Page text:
Elizabeth Warren supports U.S. Post Offices becoming banks

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WASHINGTON, February 4, 2014 —Would the U.S. Post Office make a better bank than a letter delivery service?

In an op-ed piece in the Huffington Post, Senator Elizabeth Warren (D-Mass.) has supported just such a plan.

The Postmater General proposed last week the Post Office step into an arena that banks have never been interested in: financial services directed specifically at America’s poorer citizens.

The Postal Service ended 2013 with a net loss of $5 billion, marking the seventh consecutive year in which the Postal Service incurred a loss, leading it to search for a long term solution to the organization’s financial difficulties.


The U.S. Post Office says poor Americans who are not served by the traditional banking system spent $89 billion in fees for nontraditional financial services in 2012, such as those offered at Wal-Mart stores and check cashing services.

Two major issues facing the Postmaster General’s proposal: these services are often seen as unsavory and untrustworthy institutions who are taking advantage of the most vulnerable members of American society; and, more important, a 2006 law forbids the Postal Service from offering any non-postal services.

Warren wrote in her op-ed the Postal Service taking on a new banking business could be a solution for everyone. “Collectively, these households spent about $89 billion in 2012 on interest and fees for non-bank financial services like payday loans and check cashing, which works out to an average of $2,412 per household. That means the average underserved household spends roughly 10 percent of its annual income on interest and fees — about the same amount they spend on food.”

“Families rely on financial services more than ever, but those who need them most — who struggle to make ends meet — too often must contend with sky-high interest rates and tricks and traps buried in the fine print of their loan products.”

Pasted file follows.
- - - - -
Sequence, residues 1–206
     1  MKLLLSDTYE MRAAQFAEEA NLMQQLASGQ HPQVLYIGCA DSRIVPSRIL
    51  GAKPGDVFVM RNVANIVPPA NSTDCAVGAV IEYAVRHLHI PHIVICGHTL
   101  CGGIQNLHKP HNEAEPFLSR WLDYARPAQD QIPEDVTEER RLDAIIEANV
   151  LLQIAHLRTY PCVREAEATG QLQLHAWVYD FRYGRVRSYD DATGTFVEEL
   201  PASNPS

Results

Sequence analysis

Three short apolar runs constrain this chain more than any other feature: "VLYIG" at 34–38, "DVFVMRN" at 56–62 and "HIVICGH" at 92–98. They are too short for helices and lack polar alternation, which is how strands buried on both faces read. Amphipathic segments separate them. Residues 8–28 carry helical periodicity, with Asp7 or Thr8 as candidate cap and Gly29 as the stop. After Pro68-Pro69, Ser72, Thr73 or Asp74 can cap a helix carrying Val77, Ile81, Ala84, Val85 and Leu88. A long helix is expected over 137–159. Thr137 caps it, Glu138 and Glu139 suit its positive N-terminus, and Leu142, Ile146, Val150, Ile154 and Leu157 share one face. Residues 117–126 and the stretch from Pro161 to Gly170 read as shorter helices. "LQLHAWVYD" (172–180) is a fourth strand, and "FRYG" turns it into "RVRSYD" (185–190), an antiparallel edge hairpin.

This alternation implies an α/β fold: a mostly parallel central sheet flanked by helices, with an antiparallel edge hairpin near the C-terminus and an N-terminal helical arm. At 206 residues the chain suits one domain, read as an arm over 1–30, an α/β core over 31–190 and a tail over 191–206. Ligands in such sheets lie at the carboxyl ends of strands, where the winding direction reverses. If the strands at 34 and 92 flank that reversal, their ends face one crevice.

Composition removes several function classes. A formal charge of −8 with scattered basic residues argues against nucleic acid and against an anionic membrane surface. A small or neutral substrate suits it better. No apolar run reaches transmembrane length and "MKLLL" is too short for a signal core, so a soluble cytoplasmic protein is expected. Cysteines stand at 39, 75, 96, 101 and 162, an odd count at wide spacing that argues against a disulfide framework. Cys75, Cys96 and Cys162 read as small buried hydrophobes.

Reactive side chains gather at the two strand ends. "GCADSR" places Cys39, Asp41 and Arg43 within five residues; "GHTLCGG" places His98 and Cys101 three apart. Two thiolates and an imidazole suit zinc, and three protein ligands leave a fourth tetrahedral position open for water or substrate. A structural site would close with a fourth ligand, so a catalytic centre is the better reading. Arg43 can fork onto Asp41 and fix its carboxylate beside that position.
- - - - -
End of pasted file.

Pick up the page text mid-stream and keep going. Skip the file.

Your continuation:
“That is why the OIG report is so interesting. If the Postal Service offered basic banking services — nothing fancy, just basic bill paying, check cashing and small dollar loans — then it could provide affordable financial services for underserved families, and, at the same time, shore up its own financial footing.” Warren concluded

The 2006 Postal Accountability and Enhancement Act, requires the Postal Service to  “prefund its future health care benefit payments to retirees for the next 75 years,” a requirement no other agency has, yet receives no tax payer money leaving them perpetually on the verge of bankruptcy.

The Postal Service already participates in some non-postal businesses such as issuing passports and money orders, but will need an act of Congress to go into the banking business.

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  • Persuasive

    This appears to be a fantastic initiative idea. It must, however not be pillaged in future years, if the idea moves to completion, for other political or major interest group benefit. In Italy the idea has worked very well for decades but has come into some resent problems due to political mischief. I see a valuable use for the societal assistance of those less well of, to practice saving (thrift) and to pass along these habits to their younger family members. Our postal employees get a very bad rap, even from those in high political office due to this self-funding of their pensions 75 years into the future. Something that big business does not do and that they have stepped clear away from dumping their bankrupt pension plans onto the federal government for taxpayers to then repair even if at deflated sums for those poor workers who’ve spent a lifetime often trying to put something away. Big business has hoodwinked many of its employees and the American people in these less than ethical avenues to profitability. Applause to Elizabeth Warren for thinking outside the box even if there has been such ideas from which to get solutions from which to further discuss and hopefully execute in a much better way than, say, the ACA.

  • Mark Holcomb

    In the smallest rural communities-like Bickmore, WV this would be a godsend. Why should the elderly and disabled have to drive up to thirty-plus miles to do their banking? Restrict to the outland communities, so it will compete less with banks and federal credit unions.

    • Guest

      Don’t turn them into banks. Can you just imagine government run banks? If you can, just open banks in the DMV too! Have a bank rep visit the local post office once or twice a week. Problem solved.